This line of research examines how women’s responses to their discrimination, whether it be acceptance, individual confrontations against the perpetrator, or collective responses, affect their well-being. If we can identify the responses that increase women’s well-being, we can enhance resilience in the face of gender discrimination.
We are currently interested in how this research can be applied to help retain Women in STEM (Science, Technology, Engineering and Science).
(Summaries to come)
Foster, M. D. (2015). Tweeting about sexism: The well-being benefits of a social media collective action. British Journal of Social Psychology, 54, 629-647.
Foster, M. D. (2014). The relationship between collective action and well-being and its moderators: pervasiveness of discrimination and dimensions of action. Sex Roles, 70, 165- 182.
Foster, M.D. (2013). Everyday confrontation of discrimination. The well-being costs and benefits to women over time. International Journal of Psychological Studies, 5, 135-154.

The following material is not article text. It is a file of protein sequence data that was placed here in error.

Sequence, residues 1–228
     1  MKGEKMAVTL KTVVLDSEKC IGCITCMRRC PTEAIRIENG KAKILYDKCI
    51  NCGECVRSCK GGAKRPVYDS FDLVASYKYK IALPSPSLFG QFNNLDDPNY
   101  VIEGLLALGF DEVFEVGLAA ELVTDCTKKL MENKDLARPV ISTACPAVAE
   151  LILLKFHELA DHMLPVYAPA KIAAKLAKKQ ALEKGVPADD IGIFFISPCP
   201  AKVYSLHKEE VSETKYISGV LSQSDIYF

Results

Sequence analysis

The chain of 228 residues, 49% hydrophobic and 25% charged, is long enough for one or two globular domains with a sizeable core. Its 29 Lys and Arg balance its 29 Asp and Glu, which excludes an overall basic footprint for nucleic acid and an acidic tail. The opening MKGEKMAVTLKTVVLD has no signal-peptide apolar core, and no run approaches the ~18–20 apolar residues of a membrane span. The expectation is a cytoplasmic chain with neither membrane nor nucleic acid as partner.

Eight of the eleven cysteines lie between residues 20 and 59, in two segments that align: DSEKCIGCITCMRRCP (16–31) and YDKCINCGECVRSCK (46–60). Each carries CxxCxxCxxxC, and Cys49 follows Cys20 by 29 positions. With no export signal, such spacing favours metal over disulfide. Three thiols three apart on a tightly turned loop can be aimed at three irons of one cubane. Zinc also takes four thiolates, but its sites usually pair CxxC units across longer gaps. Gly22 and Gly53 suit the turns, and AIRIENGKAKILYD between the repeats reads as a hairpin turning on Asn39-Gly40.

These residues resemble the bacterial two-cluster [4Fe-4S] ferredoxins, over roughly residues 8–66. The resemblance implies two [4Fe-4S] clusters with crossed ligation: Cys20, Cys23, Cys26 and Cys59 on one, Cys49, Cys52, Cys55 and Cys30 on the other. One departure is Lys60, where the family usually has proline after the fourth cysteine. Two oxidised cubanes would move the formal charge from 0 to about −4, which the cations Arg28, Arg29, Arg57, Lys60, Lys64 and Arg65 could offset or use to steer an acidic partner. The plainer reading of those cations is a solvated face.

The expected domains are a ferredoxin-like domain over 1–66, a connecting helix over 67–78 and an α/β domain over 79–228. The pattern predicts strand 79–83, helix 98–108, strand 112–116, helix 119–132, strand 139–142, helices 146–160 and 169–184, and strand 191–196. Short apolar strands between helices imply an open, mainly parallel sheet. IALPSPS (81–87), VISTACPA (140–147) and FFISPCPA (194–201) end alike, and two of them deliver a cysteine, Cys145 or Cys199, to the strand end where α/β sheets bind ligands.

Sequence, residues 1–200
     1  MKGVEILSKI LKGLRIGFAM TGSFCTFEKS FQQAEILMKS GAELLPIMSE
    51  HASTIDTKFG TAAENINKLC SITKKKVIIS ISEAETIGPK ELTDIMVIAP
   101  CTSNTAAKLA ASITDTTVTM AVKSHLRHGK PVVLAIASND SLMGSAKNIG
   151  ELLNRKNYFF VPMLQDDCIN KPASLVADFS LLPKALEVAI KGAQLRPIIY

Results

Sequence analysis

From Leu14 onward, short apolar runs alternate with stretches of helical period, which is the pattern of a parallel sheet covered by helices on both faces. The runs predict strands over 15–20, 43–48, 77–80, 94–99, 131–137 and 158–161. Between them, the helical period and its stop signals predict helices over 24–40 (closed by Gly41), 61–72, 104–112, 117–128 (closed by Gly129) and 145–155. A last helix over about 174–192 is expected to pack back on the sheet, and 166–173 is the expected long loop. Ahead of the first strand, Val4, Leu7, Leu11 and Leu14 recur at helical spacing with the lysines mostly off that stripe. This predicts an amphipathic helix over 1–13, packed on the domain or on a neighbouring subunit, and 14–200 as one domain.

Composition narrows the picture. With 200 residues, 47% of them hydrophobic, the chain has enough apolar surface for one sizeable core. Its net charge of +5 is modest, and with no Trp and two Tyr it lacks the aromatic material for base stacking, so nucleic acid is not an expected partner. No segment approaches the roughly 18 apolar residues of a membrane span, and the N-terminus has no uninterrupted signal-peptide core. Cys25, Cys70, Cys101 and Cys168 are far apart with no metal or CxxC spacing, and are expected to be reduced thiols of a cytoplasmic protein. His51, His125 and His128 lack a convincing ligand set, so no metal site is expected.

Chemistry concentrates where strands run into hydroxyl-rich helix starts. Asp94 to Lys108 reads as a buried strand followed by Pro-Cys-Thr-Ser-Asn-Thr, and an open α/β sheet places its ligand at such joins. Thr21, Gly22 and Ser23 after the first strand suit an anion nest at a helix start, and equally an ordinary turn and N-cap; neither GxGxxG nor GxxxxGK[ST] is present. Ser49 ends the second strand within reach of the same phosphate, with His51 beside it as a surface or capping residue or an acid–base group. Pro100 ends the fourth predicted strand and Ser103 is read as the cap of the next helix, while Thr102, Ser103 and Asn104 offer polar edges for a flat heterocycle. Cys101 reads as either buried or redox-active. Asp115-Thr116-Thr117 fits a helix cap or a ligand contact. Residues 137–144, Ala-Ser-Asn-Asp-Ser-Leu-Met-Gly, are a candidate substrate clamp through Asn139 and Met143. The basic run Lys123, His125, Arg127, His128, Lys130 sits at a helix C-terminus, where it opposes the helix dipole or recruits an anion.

Foster, M.D. (2009). The dynamic nature of coping with gender discrimination: Appraisals, strategies and well-being over time. Sex Roles, 60, 694-707.
Foster, M., Sloto, L., Ruby, R. (2006). Responding to Discrimination as a Function of Meritocracy Beliefs and Personal Experiences: Testing the Model of Shattered Assumptions. Group Processes and Intergroup Relations, 9, 401-411.
Matheson, K. & Foster, M. D. (2013). Coping with the stress of gender discrimination. In M. K. Ryan and N. R. Branscombe (Eds.). The Sage Handbook of Gender and Psychology. Sage Publications., pp 323-340.